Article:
Mariah: As someone who has attended loads of Modest Fashion Weeks globally, what makes Prêt-à-Cover Buyers Lane different from the rest?
Alia: Over the past few years, we have partnered with dozens of Fashion Weeks. From our experience, we feel that the conventional catwalk model is broken. It requires a lot of resources for brands and designers to participate, and doesn’t really translate into tangible business opportunities. With Prêt-À-Cover Buyers Lane, we propose a different approach to fashion events. For instance, there will be no catwalk – instead, designers have developed and shot short videos that will reflect the imagery of their brand. They’re almost short movies that will be shown on 350-degree screens, promising an immersive experience for the viewers, and inviting them to engage with the designers instead of being passive spectators of a show. We believe that being innovative is the key to moving forward as an industry, so we are trying to bring new strategies, new ideas for business development, and a new format with this event. And we do hope that we can encourage more of this type of progressive, forward-thinking approach when it comes to fashion. We hope we can compel the industry to evolve. This would be such an exciting movement to see for all of us.
Mariah: Personally, being a part of so many different Modest Fashion Weeks sometimes feels like our industry is disorganised and divided. What steps should we be taking to unite the modest fashion world?
Alia: Only ever compete with yourself. Let’s not introduce the competitive nature that the fashion world seems to be overloaded with. It’s time to show a different character. Yes, it’s all about business in the end, and business is cutting edge, but the results can be far more superior when we only compete with ourselves and not worry about who else is getting ahead or not.
Mariah: Is it counterproductive to segregate modest fashion in this way? Should we simply integrate modest fashion into London, Paris, Milan?
Alia: I think we should let things take their natural course. I believe the time will come when modest fashion gets more integrated and the dynamics of the industry will be more fluid, but it is my hope that modest fashion will build and retain its own character. Character is so important in life and, as consumers increasingly want to relate to the brands they associate themselves with, it is as important for a brand or industry to keep its uniqueness as it is for individuals to do so.
Mariah: Will you be casting hijabi models in the presentations?
Alia: To be very honest, I don’t think in this way. The fact is that most hijab-wearing women are not comfortable with the idea of modelling – call it cultural, call it values, call it personal choice – I think it’s better to let a woman who has chosen to be a model be the model. If she fits the brand vision, then she is right for the job. And for some brands, it’s important to have real hijab-wearing models in order to demonstrate the diversity and allow young women to relate to them, but we need not add this pressure unnecessarily.
Mariah: When did you form the Islamic Fashion Design Council and, more importantly, why?
Alia: We formed IFDC in 2013. Right around this time, His Highness Sheikh Mohammed, Ruler of Dubai and Prime Minister of the UAE, had mandated that Dubai be the global hub for the Islamic economy. With fashion and arts being a critical pillar of this economy, we ended up being at the right place at the right time. Globally, modest fashion started to gain traction and we stayed focused on our mission – to build a platform that would contribute to the development of the modest fashion and design industry and support industry players. This hopefully answers the why: with such a huge consumer market, it was so obvious to me that we needed an organisation to act as a platform and build on the amazing potential this space has. Since then, it’s been incredibly busy. We’ve been in turbo mode since!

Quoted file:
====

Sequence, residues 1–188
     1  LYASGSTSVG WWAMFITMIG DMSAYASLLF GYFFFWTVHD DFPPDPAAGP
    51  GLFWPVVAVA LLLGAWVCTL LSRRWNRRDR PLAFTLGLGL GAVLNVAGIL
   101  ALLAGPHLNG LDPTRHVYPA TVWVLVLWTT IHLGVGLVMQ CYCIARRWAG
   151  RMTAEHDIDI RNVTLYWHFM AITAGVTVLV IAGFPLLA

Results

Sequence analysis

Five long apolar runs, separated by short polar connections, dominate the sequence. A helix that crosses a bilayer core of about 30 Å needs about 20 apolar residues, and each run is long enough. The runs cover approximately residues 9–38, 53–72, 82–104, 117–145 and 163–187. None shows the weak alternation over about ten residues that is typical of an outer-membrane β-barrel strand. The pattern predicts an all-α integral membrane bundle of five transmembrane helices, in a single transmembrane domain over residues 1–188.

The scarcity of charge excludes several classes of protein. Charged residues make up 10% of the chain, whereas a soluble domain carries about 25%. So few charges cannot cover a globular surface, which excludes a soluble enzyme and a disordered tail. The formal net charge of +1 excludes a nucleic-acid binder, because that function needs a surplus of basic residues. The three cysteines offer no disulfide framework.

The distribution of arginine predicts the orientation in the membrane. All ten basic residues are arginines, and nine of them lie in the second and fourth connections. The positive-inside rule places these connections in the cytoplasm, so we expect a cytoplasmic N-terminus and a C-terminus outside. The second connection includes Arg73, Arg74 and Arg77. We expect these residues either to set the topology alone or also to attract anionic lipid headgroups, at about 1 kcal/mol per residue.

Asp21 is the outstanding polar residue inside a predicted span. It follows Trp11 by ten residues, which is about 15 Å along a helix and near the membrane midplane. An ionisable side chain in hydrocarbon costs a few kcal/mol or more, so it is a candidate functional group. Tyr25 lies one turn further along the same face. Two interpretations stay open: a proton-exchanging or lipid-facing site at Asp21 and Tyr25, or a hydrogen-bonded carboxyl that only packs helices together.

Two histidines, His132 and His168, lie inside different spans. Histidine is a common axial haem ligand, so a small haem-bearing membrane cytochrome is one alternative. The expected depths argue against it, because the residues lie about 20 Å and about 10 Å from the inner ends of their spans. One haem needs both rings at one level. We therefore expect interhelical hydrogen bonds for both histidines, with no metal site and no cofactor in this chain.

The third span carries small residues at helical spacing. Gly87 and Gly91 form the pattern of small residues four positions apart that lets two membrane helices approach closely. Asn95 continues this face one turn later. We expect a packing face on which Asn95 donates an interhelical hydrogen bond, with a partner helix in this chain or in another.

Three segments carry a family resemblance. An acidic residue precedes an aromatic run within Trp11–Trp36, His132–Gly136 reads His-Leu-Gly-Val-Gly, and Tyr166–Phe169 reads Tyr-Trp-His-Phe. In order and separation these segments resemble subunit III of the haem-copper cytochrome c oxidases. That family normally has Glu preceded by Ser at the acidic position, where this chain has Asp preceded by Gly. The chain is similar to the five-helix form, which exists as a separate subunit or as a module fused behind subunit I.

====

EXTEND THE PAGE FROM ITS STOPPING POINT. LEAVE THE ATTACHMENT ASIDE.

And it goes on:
Mariah: What are the mandates of the council?
Alia: Our primary mandate is to support and develop the industry and industry players, and we do that through initiatives such as putting together research and surveys, working with brands to help them further tap into the US$350 billion modest-fashion market or helping designers get deals. At the moment, we’re conducting a consumer behaviour report, and we are just about to launch the largest survey ever taken about modest fashion, in partnership with Hadith of the Day. Through such projects, we aim to further enlighten the industry about the reality of the market, which is a big help for the brands and designers who are trying to cater to this market. We also work with a lot of governments, events, and conferences in order to promote modest fashion and encourage industry players to become more innovative and bold. Through everything we do, we hope to truly make a difference and hope to inspire people and business to do good. Ethics are at the core of what we do.
Mariah: Is it important to you to collaborate with influential voices both at the forefront and behind the scenes in the world of modest fashion when putting events together?
Alia: I think that collaboration feeds creativity. It’s important to collaborate with all focused people in the fashion world. Not just modest fashion. We can learn a lot from each other and definitely build something more sustainable together. And I think the key ingredient is to have a common vision, real talent, drive, and work ethics – influence is a by-product of all that. Then, of course, we work with some of the big names in fashion and retail to amplify the movement – it is important to bring together powerful voices.
Photos: Supplied and courtesy of Namshi.com